Science’s crisis is real. A resolution is not in sight, but a Reformation is not impossible.
The mainstream interpretation of the root causes of the crisis (perverse incentive, too many papers) is insufficient.
The crisis is due to a transformed role: from emancipation and betterment of mankind to instrument of profit and growth
Scientists cannot resolve the problem alone and have high stakes in the preservation of the status quo.
Institutions are in denial pretending that current predicaments of science do not weaken its privileged role in governance.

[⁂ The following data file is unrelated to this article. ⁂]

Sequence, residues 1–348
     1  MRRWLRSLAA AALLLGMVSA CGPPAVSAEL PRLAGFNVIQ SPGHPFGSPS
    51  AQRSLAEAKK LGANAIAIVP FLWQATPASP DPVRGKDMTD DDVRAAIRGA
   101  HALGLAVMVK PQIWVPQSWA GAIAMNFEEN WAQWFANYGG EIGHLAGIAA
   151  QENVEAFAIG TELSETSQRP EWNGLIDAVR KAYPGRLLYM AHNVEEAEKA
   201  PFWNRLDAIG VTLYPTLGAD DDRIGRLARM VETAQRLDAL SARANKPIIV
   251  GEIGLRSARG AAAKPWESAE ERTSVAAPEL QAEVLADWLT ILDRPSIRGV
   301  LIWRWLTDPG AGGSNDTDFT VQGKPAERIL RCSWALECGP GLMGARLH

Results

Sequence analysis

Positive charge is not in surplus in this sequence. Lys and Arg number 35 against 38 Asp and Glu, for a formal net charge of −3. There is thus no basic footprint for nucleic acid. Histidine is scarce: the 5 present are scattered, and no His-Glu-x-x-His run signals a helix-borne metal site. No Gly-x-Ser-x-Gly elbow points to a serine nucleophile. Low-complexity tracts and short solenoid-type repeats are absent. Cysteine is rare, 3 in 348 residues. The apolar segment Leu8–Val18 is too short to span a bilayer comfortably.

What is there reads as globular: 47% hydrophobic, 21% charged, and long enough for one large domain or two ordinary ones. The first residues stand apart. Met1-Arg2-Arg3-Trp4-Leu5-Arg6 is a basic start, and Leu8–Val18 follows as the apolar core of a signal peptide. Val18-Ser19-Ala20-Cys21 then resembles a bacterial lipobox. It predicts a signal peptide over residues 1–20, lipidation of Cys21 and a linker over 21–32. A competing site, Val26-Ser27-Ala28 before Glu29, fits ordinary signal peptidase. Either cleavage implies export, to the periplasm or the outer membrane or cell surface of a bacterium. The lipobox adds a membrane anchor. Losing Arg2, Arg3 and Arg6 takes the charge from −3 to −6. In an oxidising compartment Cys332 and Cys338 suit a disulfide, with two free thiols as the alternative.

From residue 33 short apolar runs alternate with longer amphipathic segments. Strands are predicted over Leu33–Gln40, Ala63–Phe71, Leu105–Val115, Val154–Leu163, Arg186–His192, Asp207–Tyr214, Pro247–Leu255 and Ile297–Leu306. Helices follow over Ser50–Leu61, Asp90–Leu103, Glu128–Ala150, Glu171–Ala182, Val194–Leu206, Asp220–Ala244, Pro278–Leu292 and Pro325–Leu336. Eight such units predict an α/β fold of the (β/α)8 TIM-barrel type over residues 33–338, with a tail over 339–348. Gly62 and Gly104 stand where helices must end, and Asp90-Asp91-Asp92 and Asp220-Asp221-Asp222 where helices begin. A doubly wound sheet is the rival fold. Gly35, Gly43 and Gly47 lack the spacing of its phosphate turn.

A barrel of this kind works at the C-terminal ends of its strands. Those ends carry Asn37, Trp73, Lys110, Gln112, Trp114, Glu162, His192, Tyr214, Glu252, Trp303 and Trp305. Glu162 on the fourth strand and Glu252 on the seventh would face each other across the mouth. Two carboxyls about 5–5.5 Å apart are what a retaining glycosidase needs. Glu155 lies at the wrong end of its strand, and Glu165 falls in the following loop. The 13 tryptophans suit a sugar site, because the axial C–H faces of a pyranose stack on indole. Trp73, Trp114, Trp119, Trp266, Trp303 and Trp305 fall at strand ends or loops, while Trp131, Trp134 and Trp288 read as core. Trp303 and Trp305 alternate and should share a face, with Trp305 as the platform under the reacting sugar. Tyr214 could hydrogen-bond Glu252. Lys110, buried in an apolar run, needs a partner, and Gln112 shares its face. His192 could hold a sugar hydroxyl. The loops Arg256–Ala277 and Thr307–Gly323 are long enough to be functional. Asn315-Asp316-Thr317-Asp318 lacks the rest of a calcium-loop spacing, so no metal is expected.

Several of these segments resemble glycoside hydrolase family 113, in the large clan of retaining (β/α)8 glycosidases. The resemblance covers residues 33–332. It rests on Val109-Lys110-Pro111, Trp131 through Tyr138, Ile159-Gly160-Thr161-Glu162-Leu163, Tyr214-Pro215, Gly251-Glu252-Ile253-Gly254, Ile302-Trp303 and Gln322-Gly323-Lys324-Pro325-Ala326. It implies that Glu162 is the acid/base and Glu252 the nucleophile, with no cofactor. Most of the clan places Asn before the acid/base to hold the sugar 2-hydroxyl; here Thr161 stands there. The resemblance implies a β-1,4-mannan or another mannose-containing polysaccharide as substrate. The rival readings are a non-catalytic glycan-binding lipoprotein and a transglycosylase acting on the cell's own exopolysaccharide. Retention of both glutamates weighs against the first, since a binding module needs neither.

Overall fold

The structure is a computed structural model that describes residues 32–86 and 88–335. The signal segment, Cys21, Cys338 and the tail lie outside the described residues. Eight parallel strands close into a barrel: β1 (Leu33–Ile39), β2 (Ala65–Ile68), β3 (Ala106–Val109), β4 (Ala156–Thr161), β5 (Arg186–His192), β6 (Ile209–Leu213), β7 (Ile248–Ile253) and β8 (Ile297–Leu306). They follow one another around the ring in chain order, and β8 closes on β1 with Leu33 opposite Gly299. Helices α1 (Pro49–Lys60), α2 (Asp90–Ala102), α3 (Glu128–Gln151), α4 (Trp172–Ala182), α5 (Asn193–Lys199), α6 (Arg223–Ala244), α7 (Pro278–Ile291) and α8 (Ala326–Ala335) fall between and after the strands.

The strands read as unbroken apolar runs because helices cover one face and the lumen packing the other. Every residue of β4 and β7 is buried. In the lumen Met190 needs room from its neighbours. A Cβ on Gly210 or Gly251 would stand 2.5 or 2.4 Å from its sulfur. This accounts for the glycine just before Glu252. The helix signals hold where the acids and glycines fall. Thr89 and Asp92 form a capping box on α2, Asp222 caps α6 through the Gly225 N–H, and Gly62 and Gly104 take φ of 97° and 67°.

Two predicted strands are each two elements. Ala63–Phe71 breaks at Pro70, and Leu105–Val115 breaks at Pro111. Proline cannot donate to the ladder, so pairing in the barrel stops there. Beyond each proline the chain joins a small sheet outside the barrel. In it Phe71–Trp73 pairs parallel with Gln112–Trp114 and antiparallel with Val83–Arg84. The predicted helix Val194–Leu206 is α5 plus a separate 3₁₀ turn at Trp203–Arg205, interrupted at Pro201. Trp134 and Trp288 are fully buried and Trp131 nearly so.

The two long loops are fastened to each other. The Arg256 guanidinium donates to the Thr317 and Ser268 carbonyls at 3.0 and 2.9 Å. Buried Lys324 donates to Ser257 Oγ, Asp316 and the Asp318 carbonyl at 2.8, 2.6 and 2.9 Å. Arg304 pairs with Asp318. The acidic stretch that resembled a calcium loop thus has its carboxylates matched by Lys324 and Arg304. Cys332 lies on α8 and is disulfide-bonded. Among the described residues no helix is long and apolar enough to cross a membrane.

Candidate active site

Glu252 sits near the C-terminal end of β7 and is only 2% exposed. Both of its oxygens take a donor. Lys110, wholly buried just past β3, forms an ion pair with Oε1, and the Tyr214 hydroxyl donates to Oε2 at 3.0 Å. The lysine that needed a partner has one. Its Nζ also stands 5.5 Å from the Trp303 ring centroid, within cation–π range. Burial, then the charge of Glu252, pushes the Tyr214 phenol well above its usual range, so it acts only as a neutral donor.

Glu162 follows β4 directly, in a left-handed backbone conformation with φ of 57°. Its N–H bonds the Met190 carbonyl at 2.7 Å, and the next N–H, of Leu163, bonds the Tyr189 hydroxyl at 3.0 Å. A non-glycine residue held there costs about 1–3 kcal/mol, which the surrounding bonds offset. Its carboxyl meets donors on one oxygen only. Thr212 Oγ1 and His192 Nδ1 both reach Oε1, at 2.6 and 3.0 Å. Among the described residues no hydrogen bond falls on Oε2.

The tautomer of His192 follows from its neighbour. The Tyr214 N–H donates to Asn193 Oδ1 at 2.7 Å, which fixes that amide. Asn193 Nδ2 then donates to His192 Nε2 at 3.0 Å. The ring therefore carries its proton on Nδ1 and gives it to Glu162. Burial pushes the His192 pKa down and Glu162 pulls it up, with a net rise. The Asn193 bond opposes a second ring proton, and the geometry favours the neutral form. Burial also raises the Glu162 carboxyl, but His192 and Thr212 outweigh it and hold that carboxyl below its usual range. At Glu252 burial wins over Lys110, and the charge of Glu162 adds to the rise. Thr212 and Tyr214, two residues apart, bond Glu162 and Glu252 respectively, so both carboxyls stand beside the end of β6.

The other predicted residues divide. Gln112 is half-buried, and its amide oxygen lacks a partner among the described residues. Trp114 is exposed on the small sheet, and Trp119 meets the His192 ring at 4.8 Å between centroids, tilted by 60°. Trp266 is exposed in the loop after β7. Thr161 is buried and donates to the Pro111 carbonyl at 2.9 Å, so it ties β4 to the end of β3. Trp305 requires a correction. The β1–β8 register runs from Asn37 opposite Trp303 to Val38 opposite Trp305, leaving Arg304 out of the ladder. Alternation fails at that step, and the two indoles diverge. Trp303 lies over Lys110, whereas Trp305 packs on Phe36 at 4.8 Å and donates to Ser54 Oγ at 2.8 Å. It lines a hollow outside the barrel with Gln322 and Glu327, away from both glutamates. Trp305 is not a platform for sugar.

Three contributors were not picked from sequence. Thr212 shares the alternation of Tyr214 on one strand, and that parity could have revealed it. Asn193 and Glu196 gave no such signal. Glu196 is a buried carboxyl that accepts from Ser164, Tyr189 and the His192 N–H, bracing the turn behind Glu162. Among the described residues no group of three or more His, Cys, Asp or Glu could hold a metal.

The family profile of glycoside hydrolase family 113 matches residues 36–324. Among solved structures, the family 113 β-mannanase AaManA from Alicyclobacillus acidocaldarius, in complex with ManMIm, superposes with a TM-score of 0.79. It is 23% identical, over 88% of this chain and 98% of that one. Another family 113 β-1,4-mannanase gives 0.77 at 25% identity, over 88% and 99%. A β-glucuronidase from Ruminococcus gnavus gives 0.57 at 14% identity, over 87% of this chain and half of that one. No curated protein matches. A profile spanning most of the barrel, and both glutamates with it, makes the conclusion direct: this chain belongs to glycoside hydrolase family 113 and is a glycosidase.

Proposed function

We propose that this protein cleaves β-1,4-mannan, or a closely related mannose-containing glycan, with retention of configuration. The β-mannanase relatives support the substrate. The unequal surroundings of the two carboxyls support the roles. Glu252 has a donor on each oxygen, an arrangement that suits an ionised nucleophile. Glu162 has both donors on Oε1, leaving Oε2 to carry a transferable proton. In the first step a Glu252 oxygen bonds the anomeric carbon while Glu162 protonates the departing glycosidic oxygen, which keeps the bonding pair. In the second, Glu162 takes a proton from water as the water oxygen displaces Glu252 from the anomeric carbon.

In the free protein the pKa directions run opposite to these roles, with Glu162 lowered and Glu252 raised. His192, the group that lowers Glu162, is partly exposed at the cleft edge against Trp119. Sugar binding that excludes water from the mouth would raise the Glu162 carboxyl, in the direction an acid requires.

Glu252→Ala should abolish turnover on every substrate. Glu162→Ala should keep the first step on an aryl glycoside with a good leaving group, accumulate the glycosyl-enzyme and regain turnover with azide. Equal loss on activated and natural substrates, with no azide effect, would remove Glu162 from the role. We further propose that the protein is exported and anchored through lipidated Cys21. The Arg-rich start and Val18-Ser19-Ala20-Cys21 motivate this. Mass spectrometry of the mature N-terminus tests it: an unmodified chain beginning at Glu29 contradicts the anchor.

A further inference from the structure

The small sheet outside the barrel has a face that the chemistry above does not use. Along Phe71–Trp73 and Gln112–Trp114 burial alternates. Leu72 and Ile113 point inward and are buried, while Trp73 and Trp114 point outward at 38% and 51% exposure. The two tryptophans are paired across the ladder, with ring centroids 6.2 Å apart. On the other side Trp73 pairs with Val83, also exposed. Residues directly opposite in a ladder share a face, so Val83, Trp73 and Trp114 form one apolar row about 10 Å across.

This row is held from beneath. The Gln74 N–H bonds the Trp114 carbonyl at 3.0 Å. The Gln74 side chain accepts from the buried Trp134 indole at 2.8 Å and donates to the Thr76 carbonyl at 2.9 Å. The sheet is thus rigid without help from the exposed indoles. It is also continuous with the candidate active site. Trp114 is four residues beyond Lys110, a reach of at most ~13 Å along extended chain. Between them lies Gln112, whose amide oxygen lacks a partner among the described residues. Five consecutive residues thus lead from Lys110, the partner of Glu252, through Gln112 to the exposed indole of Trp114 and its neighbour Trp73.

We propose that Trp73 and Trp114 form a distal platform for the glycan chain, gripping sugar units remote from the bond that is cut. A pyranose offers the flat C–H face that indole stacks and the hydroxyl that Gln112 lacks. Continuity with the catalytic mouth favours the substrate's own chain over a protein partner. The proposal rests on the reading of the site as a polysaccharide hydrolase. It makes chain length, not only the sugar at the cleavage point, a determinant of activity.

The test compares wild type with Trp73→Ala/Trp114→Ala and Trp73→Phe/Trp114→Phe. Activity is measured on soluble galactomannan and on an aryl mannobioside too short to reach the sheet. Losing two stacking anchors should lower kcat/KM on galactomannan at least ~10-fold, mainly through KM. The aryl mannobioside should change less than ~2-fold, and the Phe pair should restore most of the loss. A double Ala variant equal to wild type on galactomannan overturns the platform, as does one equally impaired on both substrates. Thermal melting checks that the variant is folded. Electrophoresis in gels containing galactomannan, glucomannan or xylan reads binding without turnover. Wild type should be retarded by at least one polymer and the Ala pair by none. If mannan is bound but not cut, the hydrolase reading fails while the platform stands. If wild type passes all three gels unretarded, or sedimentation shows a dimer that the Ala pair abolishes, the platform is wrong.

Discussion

Present day reasoning about difficulties in science reproducibility, science governance, and the use of science for policy could benefit from a philosophical and historical perspective. This would show that the present crisis was anticipated by some scholars of these disciplines, and that diagnoses were offered which are not yet mainstream among crisis-aware disciplines, from statistics to medicine, from bibliometrics to biology. Diagnoses in turn open the path to possible solutions. This discussion is urgent given the impact of the crises on public trust in institutions. We ask whether the present crisis may be seminal in terms of drawing attention to alternative visions for the role of Science in society, and its relevant institutional arrangements. We finish by offering a number of suggestions in this direction.